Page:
A Case of Severe Progres sion of HIV-1 Meningoencephalitis and Lues Secundaria

Authors: M. Zlámal 1;  P. Smejkal 1;  T. Tyll 2;  R. Havlíček 3;  P. Navrátil 4;  M. Holub 1
Authors‘ workplace: Klinika infekčních nemocí 1. LF UK a ÚVN Praha 1;  Klinika anesteziologie, resuscitace a intenzivní medicíny 1. LF UK a ÚVN Praha 2;  Neurologické oddělení, ÚVN Praha 3;  Psychiatrické oddělení, ÚVN Praha 4
Published in: Cesk Slov Neurol N 2016; 79/112(6): 703-706
Category: Case Report


Acute meningoencephalitis manifesting itself within weeks to months after infection with the human immunodeficiency virus (HIV) and may have severe course. We present an uncommon case of a 40-year-old male newly diagnosed with acute HIV infection and secondary syphilis after he was examined for fever and hepatorenal failure. Two days after the patient was informed about his HIV and syphilis diagnosis he developed hyperventilation, seizures and coma for which he had to be intubated. The reaction raised suspicion of an ongoing acute neuroinfection. Subsequent cerebrospinal fluid analysis revealed mild lymphocytic pleocytosis and high level of HIV-1 RNA leading to diagnosis of HIV-1 meningoencephalitis. Absence of intrathecal synthesis of antitreponemal antibodies excluded neurosyphilis. Treatment with a combination of antiretroviral therapy, neurological and psychiatric medication and supportive psychotherapy led to significant improvement of patient’s neuropsychological condition. In addition, therapy with betalactam antibiotics cured syphilis and resulted in normalization of liver and renal functions. To our knowledge, no case study of severe HIV-1 meningoencephalitis with concomitant complicated secondary syphilis with hepatorenal failure has thus far been reported in the literature.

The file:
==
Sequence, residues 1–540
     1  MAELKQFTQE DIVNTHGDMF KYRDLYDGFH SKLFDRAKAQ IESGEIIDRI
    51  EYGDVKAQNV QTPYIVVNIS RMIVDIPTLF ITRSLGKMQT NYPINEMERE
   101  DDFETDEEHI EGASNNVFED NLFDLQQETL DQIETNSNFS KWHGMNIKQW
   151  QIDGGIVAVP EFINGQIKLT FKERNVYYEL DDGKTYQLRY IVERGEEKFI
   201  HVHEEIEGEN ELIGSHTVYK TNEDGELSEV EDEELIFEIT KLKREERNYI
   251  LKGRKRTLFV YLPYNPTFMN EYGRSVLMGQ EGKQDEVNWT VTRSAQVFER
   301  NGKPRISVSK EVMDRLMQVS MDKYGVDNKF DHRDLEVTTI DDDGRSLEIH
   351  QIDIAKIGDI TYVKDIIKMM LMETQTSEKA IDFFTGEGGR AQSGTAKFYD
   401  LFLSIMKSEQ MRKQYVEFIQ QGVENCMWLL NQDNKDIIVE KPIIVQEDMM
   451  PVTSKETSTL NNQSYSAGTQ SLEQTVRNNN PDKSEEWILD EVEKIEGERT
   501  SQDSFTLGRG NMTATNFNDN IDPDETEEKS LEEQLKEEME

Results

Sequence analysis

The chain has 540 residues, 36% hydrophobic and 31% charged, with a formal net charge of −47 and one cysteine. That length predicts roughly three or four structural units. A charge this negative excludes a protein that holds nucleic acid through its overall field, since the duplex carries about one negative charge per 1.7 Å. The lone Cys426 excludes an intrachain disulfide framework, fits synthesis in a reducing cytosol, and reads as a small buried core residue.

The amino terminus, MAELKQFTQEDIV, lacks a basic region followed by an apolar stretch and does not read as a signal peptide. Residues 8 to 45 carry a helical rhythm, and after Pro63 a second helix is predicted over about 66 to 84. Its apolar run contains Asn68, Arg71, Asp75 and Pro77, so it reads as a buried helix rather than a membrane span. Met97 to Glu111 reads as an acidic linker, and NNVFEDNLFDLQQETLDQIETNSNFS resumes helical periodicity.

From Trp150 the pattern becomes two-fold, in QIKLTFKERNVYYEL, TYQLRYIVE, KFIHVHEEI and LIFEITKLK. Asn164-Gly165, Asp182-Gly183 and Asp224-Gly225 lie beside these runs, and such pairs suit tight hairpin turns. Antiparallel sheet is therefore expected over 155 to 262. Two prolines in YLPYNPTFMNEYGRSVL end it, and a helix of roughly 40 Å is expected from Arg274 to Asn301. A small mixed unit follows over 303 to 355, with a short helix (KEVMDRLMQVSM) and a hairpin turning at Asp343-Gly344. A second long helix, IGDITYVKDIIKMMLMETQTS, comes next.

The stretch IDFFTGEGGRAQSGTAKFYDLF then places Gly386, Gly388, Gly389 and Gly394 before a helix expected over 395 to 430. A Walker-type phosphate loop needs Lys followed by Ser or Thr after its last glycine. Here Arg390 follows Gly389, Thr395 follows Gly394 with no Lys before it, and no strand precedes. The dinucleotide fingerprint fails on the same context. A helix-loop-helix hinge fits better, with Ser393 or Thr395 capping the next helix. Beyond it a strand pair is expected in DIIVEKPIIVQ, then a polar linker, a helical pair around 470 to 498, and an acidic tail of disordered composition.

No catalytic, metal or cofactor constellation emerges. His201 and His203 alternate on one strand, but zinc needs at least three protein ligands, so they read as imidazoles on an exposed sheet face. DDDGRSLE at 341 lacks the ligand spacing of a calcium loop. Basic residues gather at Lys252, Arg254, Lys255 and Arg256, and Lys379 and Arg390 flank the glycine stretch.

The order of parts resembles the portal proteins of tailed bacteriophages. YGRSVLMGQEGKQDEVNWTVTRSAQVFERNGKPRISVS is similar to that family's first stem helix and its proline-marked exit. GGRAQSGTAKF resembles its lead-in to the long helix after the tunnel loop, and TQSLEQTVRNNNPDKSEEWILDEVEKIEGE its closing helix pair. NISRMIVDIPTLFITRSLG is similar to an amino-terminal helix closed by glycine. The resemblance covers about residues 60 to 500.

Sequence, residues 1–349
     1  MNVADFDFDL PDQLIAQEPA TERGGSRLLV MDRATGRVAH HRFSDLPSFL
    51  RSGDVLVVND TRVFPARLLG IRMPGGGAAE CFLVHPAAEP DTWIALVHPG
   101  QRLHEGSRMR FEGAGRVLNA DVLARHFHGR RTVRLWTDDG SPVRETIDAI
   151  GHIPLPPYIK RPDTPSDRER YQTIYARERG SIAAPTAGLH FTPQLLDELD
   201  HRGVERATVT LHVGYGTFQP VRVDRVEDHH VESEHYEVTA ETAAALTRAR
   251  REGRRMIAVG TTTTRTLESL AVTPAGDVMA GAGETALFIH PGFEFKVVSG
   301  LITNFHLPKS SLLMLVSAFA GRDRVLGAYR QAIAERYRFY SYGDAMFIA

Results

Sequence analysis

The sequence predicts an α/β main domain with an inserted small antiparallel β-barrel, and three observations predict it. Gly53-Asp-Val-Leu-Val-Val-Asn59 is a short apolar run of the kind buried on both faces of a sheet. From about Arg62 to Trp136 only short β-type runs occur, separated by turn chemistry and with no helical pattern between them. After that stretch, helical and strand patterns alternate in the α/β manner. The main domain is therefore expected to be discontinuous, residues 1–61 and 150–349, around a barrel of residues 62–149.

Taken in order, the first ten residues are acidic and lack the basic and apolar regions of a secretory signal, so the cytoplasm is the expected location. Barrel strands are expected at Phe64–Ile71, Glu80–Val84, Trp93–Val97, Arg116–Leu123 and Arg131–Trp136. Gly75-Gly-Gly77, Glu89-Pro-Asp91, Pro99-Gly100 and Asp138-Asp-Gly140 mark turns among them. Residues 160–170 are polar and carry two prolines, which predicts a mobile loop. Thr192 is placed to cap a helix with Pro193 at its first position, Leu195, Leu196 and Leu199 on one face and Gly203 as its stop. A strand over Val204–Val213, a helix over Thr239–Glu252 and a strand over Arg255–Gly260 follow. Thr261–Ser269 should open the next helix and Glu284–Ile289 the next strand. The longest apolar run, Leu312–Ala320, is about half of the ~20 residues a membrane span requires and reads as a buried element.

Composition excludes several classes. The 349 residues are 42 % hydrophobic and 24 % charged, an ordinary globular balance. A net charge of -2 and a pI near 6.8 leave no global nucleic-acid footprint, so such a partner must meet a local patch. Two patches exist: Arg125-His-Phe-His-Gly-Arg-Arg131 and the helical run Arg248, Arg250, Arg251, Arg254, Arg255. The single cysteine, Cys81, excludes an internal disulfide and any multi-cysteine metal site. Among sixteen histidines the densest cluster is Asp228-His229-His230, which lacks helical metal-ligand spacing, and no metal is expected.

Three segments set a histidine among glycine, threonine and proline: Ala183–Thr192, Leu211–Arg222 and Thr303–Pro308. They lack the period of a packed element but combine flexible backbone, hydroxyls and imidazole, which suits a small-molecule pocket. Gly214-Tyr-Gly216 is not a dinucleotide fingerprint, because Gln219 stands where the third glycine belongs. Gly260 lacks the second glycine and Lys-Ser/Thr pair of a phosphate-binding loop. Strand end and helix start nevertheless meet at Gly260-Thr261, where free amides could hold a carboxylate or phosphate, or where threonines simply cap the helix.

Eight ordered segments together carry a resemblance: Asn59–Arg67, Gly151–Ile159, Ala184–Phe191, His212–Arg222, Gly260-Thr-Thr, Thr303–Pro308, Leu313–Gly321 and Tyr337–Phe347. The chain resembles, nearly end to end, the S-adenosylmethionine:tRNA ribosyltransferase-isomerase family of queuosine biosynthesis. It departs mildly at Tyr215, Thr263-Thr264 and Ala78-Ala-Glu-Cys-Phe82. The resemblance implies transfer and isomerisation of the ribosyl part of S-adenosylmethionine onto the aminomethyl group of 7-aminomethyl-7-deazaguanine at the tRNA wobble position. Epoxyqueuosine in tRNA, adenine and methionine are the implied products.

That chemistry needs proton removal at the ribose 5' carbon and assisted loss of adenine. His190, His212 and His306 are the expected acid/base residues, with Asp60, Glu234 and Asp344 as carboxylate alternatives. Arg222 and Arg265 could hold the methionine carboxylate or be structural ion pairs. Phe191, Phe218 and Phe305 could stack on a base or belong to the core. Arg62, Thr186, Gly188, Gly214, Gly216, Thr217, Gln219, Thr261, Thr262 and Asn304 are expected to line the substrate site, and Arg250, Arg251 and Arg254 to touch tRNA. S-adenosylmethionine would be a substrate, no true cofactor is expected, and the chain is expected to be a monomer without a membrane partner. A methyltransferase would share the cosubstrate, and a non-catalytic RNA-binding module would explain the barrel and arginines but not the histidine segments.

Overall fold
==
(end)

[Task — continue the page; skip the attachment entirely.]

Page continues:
Key words:
HIV-1 meningoencephalitis – secondary syphilis – life-threatening affective reaction – hepatorenal failure – combination antiretroviral therapy – multidisciplinary care

The authors declare they have no potential conflicts of interest concerning drugs, products, or services used in the study.

The Editorial Board declares that the manuscript met the ICMJE “uniform requirements” for biomedical papers.


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Paediatric neurology Neurosurgery Neurology

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